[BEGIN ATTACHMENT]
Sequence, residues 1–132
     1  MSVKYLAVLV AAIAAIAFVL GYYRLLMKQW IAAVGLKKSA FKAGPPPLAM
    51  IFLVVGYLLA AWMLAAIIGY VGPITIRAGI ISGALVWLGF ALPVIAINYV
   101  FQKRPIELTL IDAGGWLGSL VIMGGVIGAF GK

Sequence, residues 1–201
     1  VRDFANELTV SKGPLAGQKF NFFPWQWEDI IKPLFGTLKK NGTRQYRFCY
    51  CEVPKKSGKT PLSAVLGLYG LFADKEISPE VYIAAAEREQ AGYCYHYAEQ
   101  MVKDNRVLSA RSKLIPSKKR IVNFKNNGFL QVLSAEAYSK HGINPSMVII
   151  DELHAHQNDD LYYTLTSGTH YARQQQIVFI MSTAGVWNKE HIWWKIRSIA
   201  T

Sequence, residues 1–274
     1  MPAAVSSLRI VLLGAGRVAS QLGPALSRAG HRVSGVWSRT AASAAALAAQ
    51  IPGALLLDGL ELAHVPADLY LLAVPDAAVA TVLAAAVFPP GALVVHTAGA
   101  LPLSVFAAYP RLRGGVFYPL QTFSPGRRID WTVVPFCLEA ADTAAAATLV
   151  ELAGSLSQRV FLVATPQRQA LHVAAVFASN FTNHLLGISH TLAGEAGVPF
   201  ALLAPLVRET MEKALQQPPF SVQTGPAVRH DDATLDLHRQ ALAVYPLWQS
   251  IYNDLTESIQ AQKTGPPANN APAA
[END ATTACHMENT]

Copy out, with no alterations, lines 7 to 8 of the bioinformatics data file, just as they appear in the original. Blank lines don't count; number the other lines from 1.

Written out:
    51  CEVPKKSGKT PLSAVLGLYG LFADKEISPE VYIAAAEREQ AGYCYHYAEQ
   101  MVKDNRVLSA RSKLIPSKKR IVNFKNNGFL QVLSAEAYSK HGINPSMVII